Several recent studies have examined the effectiveness of telerehabilitation specifically for stroke survivors. A recent study in JAMA Neurology focused on stroke survivors with arm weakness (specifically comparing a 6-week intensive home-based telerehabilitation treatment with traditional, in-clinic rehabilitation).6 Interestingly, results showed a similar amount of improvement between telehealth and in-clinic rehabilitation for the improvement of motor status and stroke knowledge. The authors also stated their belief that telerehabilitation has the potential to substantially improve access to rehabilitation care on a large scale.
Another article published in the last year (called a ‘systematic review’) focused on summarizing all recent research on telemedicine and stroke rehabilitation in general. This article looked at 22 individual studies comparing stroke survivors who received telerehabilitation versus those who received traditional, in-person, rehabilitation. Results concluded that telerehabilitation interventions were just as effective as traditional therapy for the areas studied. Moreover, telerehabilitation actually OUTPERFORMED traditional therapy in 8 out of the 22 studies.7
Interested in Experiencing Telehealth for Yourself?
At Moterum Technologies, we are focused on improving the lives of survivors of neural injuries and their loved ones through innovative rehabilitation technologies. Given the proven effectiveness of telemedicine, we have fully embraced this movement and created custom telerehabilitation offerings.
The Moterum Digital Health Platform, and the accompanying Moterum App, is a comprehensive, fully digital, telerehabilitation treatment platform. Designed for individual and commercial use, this solution allows the treatment of neurological and orthopedic conditions including stroke, Parkinson’s disease, and chronic pain all from the home environment. Generated by artificial intelligence technology and customized by physical therapists, this platforms provides individualized treatment plans designed to achieve your rehabilitation goals. To provide the highest level of expertise and convenience, users will also be able to engage in real-time communication via connected devices with medical team members (including their personal physical therapist). Additionally, a comprehensive library of approximately 1,500+ exercises and therapy videos will personalize this rehabilitation experience.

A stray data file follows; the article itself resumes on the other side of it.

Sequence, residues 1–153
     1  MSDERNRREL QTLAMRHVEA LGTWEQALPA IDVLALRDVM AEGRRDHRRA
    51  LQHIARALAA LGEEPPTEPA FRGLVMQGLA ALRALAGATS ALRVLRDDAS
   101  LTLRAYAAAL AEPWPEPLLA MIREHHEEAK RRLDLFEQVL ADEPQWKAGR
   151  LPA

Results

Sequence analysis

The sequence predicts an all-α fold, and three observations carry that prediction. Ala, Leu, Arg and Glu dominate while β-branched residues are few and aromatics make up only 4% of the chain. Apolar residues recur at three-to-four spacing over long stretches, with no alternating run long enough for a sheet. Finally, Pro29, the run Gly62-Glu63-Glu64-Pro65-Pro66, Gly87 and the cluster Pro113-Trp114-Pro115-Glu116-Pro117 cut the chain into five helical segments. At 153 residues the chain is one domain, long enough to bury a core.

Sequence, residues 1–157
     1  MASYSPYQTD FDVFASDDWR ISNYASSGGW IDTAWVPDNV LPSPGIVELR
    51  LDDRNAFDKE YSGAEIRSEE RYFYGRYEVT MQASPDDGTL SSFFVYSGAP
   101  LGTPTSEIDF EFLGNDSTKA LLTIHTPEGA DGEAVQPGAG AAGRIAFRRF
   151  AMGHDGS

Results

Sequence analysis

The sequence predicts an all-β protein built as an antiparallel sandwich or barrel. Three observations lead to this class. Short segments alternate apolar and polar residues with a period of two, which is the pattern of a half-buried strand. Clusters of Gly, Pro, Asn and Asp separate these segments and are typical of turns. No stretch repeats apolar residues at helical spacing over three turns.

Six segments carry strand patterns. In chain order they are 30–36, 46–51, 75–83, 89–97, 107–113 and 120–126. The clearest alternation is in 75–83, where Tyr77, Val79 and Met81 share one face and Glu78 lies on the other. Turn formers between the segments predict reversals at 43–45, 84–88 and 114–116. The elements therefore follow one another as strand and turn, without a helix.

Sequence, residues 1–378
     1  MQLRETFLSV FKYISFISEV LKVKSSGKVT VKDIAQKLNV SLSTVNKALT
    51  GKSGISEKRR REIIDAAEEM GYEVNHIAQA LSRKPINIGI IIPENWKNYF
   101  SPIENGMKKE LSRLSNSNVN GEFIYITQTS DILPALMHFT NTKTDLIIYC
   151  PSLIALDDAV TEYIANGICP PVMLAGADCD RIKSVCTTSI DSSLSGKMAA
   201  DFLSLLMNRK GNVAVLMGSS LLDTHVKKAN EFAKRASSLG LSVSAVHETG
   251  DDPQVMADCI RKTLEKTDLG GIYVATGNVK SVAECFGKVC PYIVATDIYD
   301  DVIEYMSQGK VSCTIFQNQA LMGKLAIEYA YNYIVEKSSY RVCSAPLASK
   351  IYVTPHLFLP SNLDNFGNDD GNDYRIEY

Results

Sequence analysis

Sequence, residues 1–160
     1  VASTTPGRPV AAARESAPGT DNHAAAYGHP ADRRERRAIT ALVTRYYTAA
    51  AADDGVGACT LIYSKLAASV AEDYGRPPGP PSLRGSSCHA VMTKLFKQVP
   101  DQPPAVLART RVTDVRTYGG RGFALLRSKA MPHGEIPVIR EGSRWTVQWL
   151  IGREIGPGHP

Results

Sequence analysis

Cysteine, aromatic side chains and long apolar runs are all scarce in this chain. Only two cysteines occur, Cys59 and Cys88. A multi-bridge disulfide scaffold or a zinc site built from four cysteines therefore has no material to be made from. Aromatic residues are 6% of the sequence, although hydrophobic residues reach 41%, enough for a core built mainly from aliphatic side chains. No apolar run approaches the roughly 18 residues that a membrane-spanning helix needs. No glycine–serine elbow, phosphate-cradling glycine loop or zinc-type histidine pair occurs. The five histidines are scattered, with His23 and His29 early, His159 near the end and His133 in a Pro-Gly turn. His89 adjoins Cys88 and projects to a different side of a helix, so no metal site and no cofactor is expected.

During the coronavirus pandemic, now, more than ever, telemedicine and telerehabilitation platforms provide valuable healthcare solutions to mitigate COVID-19 exposure for patients and providers. For physical therapists and other rehabilitation professionals, this platform facilitates an extension of services from the clinic to home allowing continuity of important rehabilitation care. In an effort to improve consumer access, coverage for telehealth has been expanded and many Medicare and private insurance restrictions have been lifted.8 Consider investigating your personal coverage options today.
We’d love to tell you more about our custom solutions which extend healthcare into the home environment. Join our mailing list or reach out to us here. We look forward to hearing from you!
- Barnett ML, Ray KN, Souza J, Mehrotra A. Trends in Telemedicine Use in a Large Commercially Insured Population, 2005-2017 Trends in Telemedicine Use in a Large Commercially Insured Population, 2005-2017Letters. JAMA. 2018;320(20):2147-2149.
- Mechanic OJ, Kimball AB. Telehealth Systems. In: Treasure Island (FL): StatPearls Publishing; Jan 2019.
- Shigekawa E, Fix M, Corbett G, Roby DH, Coffman J. The Current State Of Telehealth Evidence: A Rapid Review. Health Aff (Millwood). 2018;37(12):1975-1982.
- Polinski JM, Barker T, Gagliano N, Sussman A, Brennan TA, Shrank WH. Patients’ Satisfaction with and Preference for Telehealth Visits. J Gen Intern Med. 2016;31(3):269-275.
- Tchero H, Tabue Teguo M, Lannuzel A, Rusch E. Telerehabilitation for Stroke Survivors: Systematic Review and Meta-Analysis. J Med Internet Res. 2018;20(10):e10867.
- Cramer SC, Dodakian L, Le V, et al. Efficacy of Home-Based Telerehabilitation vs In-Clinic Therapy for Adults After Stroke: A Randomized Clinical Trial. JAMA Neurol. 2019.
- Sarfo FS, Ulasavets U, Opare-Sem OK, Ovbiagele B. Tele-Rehabilitation after Stroke: An Updated Systematic Review of the Literature. J Stroke Cerebrovasc Dis. 2018;27(9):2306-2318.
- 8. US Department of Health and Human Services. https://www.hhs.gov/about/news/2020/03/17/secretary-azar-announces-historic-expansion-of-telehealth-access-to-combat-covid-19.html. Accessed April 7, 2020.